Kinson, it turns out, is waiting for the famous druid Bremen, whose shade we have caught glimpses of in the original trilogy.  The Shannara series has been short on Druids so far, with the dark and tormented Allanon presenting the archetype of the enigmatic order.  As the only other official druid (Cogline was a wash-out) we have met in the prior series, Walker Boh, is literally re-made in Allanon's image, we are set up to expect something of the same sort.  In the person of Bremen, then, Brooks surprises us.  Bremen is not the dark giant tormented by inner demons that we find in Allanon and Walker.  Instead, he is kind and grand-fatherly old man; closer to Obi Wan Kenobi than an ostensibly benevolent Darth Vader.  Bremen is a figure that we can immediately like and sympathize with and that's good, because this is the first Shannara book that doesn't start us off with a gaggle of psuedo-hobbit teenage valemen.  Maybe they come in later, I don't know, but Brooks' break with this foundational trope seems to signal that he is trying to write a maturer novel for a maturer audience.

Speaking of audiences, Brooks seems to trust his more than in the past.  In the opening three chapers, not much happens.  There are no horendous fighs with terrible monsters or desperate midnight flights from same.  We see one skull bearer far off in the distance, but Bremen and Kinson quickly elude it and it serves only to add the faintest tint of tension to what follows.  Instead, we get a narrative of Bremen's journey deep into the heart of the Skull Kingdom along with the revelation that the Warlock Lord has returned followed by his futile attempt to convince the other druids of this reality.  It's not shocking or gripping fair, but if you've read the seven prior books you have as much an idea of what all these events mean (maybe more) than the characters do and Brooks banks on this fact to carry his readers through until the action can properly start.  The dominant sensastion in the first three chapters is thus one of intrigue: "where is this going next?".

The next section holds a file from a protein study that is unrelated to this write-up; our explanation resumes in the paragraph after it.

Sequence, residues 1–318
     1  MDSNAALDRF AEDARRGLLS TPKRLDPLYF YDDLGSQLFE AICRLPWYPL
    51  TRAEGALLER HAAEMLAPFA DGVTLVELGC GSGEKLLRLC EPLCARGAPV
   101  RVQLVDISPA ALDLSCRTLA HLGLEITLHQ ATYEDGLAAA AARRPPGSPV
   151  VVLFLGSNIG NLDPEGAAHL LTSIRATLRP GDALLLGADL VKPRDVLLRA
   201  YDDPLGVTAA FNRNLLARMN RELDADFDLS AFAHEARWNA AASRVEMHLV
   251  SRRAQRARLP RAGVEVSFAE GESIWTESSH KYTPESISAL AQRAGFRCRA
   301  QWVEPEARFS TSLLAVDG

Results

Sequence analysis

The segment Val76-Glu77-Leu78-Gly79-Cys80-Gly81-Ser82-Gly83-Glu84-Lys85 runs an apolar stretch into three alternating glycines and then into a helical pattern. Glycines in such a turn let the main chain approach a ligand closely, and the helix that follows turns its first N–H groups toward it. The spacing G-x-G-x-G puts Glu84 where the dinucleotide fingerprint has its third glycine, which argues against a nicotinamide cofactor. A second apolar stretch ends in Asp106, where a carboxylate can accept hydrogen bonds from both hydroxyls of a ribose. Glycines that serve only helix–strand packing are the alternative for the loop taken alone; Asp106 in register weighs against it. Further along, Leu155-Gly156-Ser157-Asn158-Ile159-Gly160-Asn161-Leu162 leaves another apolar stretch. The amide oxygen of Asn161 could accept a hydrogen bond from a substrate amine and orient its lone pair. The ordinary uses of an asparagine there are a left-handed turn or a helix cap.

Catching a glimpse of Paranor in all its glory is a bit of a treat, but one that Brooks' plot (wisely or unwisely) does not allow the reader to really capitalize on.  I am intrigued by Brooks' choice to show us so little of the place.  Maybe making the druids utterly familiar, as introducing us to supporting characters Risca and Tay runs the risk of, would lessen their mistique?  Maybe there isn't much at this point of the story to show as order seems to have fallen into a dillentantish decandence under the rule of High Druid Athabasca's rule?  I don't know.  What I do know is that with Athabasca and the council's refusal to believe Bremen's claim that the Warlock Lord has returned, we now have the beginning of the "desparate quest achieved by the rag-tag band" trope that made Brooks his post Lord of the Rings fame.  Bremen (Druid), Kinson (Ranger), Risca (Dwarf), and Tay (Elf) contra mundum.  Now all we need are a man of the south and four hobbits (d'oh!).